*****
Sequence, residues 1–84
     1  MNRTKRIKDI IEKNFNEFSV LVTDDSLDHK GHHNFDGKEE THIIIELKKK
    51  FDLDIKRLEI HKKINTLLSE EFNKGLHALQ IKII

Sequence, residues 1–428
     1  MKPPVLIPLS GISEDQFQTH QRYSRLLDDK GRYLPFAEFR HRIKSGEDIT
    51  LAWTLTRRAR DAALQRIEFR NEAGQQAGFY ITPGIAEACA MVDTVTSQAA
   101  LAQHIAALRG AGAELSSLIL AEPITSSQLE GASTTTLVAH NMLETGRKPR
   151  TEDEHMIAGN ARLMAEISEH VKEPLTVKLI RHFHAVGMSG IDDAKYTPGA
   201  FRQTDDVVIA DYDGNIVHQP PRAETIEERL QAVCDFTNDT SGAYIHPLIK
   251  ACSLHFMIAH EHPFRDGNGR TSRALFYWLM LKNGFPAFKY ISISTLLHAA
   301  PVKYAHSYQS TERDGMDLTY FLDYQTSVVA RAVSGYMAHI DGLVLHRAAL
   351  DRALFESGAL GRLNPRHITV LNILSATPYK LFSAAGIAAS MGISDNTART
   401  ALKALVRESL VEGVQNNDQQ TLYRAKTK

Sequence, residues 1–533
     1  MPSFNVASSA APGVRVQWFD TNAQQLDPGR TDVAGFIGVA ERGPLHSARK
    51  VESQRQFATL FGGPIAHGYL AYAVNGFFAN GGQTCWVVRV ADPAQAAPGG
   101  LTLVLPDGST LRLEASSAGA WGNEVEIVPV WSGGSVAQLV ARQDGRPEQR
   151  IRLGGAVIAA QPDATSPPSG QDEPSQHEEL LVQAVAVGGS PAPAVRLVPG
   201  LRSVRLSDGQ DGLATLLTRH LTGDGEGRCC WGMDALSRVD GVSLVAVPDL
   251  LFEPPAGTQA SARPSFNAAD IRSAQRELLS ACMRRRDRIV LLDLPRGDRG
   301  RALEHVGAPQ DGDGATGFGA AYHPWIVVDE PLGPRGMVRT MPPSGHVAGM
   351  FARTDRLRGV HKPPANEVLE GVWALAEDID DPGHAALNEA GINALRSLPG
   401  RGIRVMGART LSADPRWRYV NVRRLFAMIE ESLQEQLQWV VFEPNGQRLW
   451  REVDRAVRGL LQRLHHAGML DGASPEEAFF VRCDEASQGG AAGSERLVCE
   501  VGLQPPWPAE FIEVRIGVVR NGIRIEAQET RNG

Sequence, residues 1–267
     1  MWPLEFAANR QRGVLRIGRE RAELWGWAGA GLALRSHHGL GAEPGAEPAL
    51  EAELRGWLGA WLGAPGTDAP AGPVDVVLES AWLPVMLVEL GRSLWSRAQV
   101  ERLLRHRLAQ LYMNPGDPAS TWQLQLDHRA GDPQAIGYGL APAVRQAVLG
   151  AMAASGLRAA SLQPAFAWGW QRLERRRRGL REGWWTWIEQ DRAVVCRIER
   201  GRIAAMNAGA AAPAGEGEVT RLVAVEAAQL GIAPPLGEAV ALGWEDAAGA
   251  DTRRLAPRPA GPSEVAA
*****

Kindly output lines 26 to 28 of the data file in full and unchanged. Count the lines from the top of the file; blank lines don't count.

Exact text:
Sequence, residues 1–267
     1  MWPLEFAANR QRGVLRIGRE RAELWGWAGA GLALRSHHGL GAEPGAEPAL
    51  EAELRGWLGA WLGAPGTDAP AGPVDVVLES AWLPVMLVEL GRSLWSRAQV